A new study published in the journal Global Food Security has found that agricultural diversity can be an important driver of food security, although the magnitude of its contribution depends on the broader biophysical and socio-economical features of the local farming system. The researchers conducted an extensive literature review of the relationship between agricultural diversity and food security in low- and middle-income countries. They discovered that, in almost two-thirds of all cases, agricultural diversity had a positive effect on food security, while in one third of the cases there was no correlation, or the results were mixed.
According to experts, food security exists when all people, at all times have physical and economic access to sufficient, safe, and nutritious food supplies which meet their dietary needs and help them live a healthy and active life. Agricultural diversity includes the variety of crops, livestock breeds, fish species, and wildlife resources, as well as how they are processed and consumed. In the current study, the researchers took into account 40 indices measuring the relationships between the two.
“We looked at all the combinations you could think of and how to quantitatively measure between the food security and diversity indicators,” said study lead author Katharina Waha, a senior research scientist at the Commonwealth Scientific and Industrial Research Organization (CSIRO) in Australia. “In terms of negative health outcomes for individuals, all the literature on nutritional and health outcomes would say that not having that diversity or quality is the final outcome.”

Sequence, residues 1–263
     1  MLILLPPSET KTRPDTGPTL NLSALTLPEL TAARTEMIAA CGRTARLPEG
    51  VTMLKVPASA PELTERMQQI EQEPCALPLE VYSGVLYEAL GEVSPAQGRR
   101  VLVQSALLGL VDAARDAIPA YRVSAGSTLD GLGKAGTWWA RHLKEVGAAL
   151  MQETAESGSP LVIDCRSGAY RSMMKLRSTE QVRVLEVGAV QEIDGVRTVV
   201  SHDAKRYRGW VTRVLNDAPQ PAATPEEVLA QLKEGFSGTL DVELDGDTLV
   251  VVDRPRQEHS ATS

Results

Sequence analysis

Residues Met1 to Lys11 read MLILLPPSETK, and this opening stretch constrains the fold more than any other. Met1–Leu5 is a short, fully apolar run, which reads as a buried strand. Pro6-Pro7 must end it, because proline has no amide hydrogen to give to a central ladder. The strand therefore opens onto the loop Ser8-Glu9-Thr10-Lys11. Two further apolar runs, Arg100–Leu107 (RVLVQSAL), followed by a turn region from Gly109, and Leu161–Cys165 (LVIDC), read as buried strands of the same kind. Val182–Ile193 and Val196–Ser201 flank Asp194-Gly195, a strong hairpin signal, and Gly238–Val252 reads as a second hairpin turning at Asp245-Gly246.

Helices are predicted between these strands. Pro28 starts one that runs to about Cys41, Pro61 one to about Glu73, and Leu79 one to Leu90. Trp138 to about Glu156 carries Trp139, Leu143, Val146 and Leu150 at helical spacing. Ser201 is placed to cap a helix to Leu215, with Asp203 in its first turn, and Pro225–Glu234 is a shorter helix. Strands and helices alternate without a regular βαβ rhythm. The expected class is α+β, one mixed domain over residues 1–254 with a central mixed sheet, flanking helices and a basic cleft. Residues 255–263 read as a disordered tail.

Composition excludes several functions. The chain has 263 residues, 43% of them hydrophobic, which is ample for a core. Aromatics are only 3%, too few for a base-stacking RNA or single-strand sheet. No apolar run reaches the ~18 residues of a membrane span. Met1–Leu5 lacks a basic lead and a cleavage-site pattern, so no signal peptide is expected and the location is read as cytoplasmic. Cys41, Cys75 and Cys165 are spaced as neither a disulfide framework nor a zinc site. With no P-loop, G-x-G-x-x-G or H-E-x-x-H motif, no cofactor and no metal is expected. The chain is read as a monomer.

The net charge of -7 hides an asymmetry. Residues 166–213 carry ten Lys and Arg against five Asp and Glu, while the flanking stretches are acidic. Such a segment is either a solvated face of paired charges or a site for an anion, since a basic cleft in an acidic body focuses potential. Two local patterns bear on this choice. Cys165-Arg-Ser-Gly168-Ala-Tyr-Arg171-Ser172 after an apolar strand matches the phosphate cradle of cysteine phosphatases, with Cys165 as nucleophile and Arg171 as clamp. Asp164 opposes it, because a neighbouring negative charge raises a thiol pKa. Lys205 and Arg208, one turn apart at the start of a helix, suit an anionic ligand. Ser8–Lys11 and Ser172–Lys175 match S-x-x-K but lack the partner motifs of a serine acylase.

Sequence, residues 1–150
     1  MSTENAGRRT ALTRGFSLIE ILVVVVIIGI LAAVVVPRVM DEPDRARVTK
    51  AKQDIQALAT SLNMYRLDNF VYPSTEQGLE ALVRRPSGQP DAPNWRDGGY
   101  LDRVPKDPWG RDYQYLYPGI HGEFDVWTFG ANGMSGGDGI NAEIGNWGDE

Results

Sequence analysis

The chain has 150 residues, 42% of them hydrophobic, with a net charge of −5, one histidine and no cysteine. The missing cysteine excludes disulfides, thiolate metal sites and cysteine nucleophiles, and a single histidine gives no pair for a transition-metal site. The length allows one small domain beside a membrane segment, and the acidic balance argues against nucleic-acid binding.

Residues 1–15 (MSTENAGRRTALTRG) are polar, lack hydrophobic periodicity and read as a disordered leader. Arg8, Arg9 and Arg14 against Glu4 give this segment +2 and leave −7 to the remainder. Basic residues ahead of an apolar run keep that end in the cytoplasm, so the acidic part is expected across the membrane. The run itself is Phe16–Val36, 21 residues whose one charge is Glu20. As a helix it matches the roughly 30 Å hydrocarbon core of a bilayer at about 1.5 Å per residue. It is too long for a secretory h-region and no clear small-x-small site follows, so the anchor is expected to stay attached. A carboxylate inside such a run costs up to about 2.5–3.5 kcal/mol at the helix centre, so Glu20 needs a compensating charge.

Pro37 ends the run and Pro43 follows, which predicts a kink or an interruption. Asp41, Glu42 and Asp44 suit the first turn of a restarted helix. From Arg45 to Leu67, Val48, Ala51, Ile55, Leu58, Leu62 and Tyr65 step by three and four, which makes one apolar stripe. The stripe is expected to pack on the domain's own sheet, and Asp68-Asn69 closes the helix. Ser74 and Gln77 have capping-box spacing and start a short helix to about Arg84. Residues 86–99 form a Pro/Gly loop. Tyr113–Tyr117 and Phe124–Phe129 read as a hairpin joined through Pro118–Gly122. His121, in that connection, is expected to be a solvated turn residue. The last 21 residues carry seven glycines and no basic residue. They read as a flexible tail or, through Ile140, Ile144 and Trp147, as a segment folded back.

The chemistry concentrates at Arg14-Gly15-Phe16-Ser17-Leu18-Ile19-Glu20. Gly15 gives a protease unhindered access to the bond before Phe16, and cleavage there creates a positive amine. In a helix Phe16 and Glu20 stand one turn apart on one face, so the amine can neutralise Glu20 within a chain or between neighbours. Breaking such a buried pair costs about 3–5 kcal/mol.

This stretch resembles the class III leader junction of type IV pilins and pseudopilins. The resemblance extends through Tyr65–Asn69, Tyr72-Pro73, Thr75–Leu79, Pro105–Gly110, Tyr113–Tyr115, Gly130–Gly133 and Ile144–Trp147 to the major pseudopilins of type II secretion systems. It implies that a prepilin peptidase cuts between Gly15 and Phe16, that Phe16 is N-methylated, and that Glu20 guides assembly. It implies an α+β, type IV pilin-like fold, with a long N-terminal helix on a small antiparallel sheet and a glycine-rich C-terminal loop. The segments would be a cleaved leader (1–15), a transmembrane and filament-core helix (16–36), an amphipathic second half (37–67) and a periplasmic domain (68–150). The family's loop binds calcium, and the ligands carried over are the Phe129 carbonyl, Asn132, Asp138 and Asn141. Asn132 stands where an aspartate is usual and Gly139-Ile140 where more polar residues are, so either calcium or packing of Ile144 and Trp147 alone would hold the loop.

However, the analysis revealed that, although agricultural diversity can be highly beneficial for food security, it is not the only available strategy to increase the latter. Nonetheless, when diversification is also the cheapest strategy in terms of monetary and labor costs, it can be a highly effective option for improving agricultural practices and profits. According to the researchers, one way to conserve on-farm diversity is through daily use.
“If you have a diverse system, you can deal with biotic and abiotic stresses, for example, like the impacts of climate change,” added study co-author Elisabetta Gotor, an agricultural economist at the Alliance of Bioversity International and CIAT.
Holistic study designs taking into account the natural, social, and economic aspects of agricultural and food systems are necessary to clarify the complex interactions between the two, and better understand the effects of diversification.
By Andrei Ionescu, Earth.com Staff Writer